2 - 4 Weken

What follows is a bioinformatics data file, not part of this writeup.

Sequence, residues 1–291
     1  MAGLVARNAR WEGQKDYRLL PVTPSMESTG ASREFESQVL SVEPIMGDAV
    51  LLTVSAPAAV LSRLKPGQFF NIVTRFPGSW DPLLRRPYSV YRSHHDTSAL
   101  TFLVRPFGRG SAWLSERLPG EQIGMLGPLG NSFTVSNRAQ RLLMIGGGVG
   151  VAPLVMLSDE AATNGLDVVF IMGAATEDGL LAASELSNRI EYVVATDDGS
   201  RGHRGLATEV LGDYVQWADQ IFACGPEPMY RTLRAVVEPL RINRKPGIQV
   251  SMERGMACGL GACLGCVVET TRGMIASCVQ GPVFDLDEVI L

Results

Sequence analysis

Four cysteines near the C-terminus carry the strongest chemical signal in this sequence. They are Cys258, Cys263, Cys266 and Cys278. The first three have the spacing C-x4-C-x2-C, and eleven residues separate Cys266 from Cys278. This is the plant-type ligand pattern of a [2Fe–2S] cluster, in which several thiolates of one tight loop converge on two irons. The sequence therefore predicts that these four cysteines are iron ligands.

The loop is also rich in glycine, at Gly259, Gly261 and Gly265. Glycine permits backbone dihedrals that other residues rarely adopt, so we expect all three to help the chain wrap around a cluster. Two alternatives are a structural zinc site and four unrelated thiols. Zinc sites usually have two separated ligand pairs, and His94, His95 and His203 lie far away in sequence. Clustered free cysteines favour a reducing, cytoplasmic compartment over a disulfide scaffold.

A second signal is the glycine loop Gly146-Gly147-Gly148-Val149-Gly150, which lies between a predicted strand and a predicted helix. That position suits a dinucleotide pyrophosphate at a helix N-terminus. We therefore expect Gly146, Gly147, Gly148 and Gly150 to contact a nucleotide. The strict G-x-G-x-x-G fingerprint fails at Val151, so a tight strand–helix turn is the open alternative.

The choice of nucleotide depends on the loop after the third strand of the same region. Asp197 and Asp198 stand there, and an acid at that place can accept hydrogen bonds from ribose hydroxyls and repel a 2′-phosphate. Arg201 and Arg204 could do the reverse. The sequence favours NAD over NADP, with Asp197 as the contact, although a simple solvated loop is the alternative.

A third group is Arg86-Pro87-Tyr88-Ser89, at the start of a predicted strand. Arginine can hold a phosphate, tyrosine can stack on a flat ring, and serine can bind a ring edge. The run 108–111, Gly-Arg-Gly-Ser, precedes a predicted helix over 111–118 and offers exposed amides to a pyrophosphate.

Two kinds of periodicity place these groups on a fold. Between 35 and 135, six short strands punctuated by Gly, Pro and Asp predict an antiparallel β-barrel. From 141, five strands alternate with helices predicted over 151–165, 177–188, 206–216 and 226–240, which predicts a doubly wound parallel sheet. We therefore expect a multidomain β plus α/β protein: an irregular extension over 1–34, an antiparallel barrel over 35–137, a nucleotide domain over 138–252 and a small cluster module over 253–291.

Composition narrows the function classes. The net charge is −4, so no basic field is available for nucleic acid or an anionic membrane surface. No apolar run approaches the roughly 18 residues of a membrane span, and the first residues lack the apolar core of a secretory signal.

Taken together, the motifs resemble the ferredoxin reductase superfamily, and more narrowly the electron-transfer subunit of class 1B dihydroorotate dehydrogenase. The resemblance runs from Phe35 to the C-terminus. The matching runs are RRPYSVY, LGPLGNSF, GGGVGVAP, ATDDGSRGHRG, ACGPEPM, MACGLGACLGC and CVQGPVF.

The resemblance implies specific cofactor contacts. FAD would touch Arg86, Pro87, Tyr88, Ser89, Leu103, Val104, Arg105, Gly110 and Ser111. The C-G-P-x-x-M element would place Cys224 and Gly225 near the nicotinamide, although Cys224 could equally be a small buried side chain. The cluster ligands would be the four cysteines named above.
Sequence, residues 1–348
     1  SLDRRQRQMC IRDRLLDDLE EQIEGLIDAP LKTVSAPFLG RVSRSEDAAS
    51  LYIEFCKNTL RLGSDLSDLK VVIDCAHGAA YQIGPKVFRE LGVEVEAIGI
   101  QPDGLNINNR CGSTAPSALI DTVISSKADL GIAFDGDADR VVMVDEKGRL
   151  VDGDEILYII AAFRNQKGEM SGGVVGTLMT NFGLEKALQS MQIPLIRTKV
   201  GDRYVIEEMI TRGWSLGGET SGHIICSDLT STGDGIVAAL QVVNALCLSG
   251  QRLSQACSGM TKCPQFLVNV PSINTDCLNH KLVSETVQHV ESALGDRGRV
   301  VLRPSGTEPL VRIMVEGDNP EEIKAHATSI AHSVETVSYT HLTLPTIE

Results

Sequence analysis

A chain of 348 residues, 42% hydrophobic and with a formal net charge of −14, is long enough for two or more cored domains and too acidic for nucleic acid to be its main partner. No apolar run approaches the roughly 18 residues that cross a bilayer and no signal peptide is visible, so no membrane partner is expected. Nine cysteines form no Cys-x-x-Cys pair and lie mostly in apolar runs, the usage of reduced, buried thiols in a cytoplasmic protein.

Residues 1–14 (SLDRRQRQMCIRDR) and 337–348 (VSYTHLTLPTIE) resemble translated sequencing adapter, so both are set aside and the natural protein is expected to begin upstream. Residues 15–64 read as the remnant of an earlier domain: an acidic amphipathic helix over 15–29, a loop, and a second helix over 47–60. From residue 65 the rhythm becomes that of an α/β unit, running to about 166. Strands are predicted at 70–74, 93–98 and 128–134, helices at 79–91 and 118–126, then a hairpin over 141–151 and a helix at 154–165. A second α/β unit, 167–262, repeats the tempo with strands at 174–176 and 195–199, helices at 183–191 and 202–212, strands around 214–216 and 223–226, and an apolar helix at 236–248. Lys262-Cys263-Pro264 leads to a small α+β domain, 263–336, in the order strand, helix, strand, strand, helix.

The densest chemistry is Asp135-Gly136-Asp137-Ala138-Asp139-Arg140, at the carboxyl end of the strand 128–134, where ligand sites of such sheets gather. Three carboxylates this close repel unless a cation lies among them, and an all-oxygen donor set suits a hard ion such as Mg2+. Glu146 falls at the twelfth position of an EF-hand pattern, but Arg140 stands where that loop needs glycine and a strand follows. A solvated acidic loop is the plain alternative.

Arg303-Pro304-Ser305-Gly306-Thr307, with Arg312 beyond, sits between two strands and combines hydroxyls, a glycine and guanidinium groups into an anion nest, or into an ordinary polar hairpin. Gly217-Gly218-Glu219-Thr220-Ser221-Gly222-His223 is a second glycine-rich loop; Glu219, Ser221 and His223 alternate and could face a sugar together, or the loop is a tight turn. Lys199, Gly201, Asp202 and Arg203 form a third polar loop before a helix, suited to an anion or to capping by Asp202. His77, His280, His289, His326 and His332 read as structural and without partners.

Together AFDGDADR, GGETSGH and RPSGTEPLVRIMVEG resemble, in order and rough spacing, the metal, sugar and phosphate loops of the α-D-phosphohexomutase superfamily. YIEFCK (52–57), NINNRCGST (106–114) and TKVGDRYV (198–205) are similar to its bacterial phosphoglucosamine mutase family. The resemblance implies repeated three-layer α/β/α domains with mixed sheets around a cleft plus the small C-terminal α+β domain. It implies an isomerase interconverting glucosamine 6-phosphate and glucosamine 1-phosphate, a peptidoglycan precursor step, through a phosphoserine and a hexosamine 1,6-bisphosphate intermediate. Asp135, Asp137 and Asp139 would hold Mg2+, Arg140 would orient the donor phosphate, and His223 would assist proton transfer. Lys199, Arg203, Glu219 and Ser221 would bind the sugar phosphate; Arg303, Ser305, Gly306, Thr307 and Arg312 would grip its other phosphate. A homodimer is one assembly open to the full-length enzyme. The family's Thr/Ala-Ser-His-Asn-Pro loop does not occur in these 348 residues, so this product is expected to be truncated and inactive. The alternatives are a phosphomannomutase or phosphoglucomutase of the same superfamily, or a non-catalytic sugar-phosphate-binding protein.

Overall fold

Neville Goddard, better known as just Neville, was one of the quietly dramatic and supremely influential teachers in the New Thought field for many years...In a simple, yet somehow elegant one-hour lecture, Neville was able to clarify the nature of God and God's relationship to every person. He spoke of God in intimate terms as though he knew God very well, which he did. Joseph Murphy, a writer and lecturer, who studied with Neville in New York City, said of him: "Neville may eventually be recognized as one of the world's great mystics," Neville originally came to the United States from Barbados to study drama at the age of seventeen. In 1932 he gave up the theater to devote his attention to his studies in mysticism when he began his lecture career in New York City. After traveling throughout the country, he eventually made his home in Los Angeles where, in the late 1950's, he gave a series of talks on television, and for many years, lectured regularly to capacity audiences at the Wilshire Ebell Theater. In the 1960's and early '70s, he confined most of his lectures to Los Angeles, New York, and San Francisco. Neville once said that if he was stranded on an island and was allowed one book, he would choose, The Bible, without hesitation. If he could squeeze in more, he would add Charles Fillmore's Metaphysical Dictionary of Bible names, William Blake, ("... Why stand we here trembling around, Calling on God for help, and not ourselves, in whom God dwells?") and Nicoll's Commentaries. These were the books he recommended at his lectures. Neville spoke without notes and followed his lectures with questions and answers. When he was asked if he had tapes of his lectures for sale, he replied, "I have no tapes. Others here are making tapes for their own use, Perfectly all right. But I have no tapes."